Some hotels in Turkey have airport security. Airports have double security, first to come into the airport and then to go on the plane.

A hotel that cannot be run worse can have a restaurant that can be run best.

In a Hammam (Turkish baths), the Turkish women and children wear bathing suits. The foreigners do not . If you did not know this and you end up in a small hammam with Turkish families, it can be awkward.

It’s best to wear light slip on shoes when visiting mosques.

Julius Caesar proclaimed his celebrated words, “Veni, Vidi, Vici” (I came, I saw, I conquered) in Turkey when he defeated the Pontus, a formidable kingdom in the Black Sea region of Turkey.

You can still get on the 6:00  car ferry from Gallipoli across the Dardanelles to Cannakale if you arrive at 5:57. (Cannakale morning)

Azerbaijan looks like a nice place to vacation. They have a lot of commercials for tourism  on Turkish TV.

Zeus was born on Mt Ida. King Priam sent his son Paris there to grow up with the bears.

Turkish carpets have double knots which make them the strongest carpets in the world.  Seeing how carpets are made are a big part of Turkish culture.

Hand woven carpets are dyed naturally.  Red – rhubarb, pomegranate; brown –wet walnut, blue-indigo, yellow-saffron, orange-onionskin and green –sage. (gallerycappadocia.com)

The Turkish government subsidizes the carpet industry. Carpets are shipped  anywhere in the world for free. Yes, I took advantage of that and also the best price for a beautiful dowry rug. (made by a village girl)

The most valuable silk carpet in the world, is in the Mevlana Museum in Konya with 144 knots per square centimeter. In the 13th century, Marco Polo wrote “the best and handsomest of rugs are woven here, and also silks of crimson and other rich colors”.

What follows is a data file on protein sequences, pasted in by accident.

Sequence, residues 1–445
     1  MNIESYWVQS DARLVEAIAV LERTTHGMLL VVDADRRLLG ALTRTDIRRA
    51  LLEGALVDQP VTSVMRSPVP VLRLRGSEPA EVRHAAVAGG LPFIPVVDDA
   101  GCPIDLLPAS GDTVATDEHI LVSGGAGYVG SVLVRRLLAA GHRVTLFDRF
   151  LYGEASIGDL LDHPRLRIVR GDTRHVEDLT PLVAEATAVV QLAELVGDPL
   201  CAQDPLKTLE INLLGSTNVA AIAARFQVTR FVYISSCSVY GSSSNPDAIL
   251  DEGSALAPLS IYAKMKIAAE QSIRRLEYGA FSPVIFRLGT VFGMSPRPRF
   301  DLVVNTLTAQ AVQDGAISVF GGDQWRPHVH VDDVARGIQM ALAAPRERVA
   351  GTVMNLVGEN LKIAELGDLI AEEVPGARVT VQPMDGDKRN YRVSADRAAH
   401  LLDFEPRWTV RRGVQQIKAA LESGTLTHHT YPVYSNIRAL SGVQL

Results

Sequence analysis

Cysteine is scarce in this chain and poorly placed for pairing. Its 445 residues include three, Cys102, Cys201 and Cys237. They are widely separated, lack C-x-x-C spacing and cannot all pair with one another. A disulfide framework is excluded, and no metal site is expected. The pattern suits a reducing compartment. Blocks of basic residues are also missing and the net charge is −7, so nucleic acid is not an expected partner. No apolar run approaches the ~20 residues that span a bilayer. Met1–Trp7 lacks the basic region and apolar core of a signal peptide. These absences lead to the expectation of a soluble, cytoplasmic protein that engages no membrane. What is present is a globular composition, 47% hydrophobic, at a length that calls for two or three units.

Turks introduced coffee to Europe but they do not grow coffee. Their coffee is famous for the way it is prepared. One of the few words I learned in Turkish ( a very hard language for me) is “tsekeses” – no sugar.

The property rates for homes are quoted in dollars and not Turkish lira.

According to Turkish tradition a stranger at one’s doorstep is considered “A Guest from God” and should be accommodated accordingly.

Mother in-laws in Turkey are smart. They know they have to get along with the daughter in-laws.  Daughter in-laws in Turkey are smarter, they know they have to respect the mother in-law.

Turkey provides 70% of the world’s hazelnuts; the nut in your nutella was most probably grown in Turkey.

If you happen to be on the road to Iraq and Syria, stop off in Cappadocia.

In Turkey, you can change continents several times a day. In one day, you can be in Troy, Mesopotamia, Byzantium and Constantinople.

The most important thing to bring to Turkey is pants with elastic waistbands. The food is amazing. It is a combination of Middle Eastern/ Mediterranean.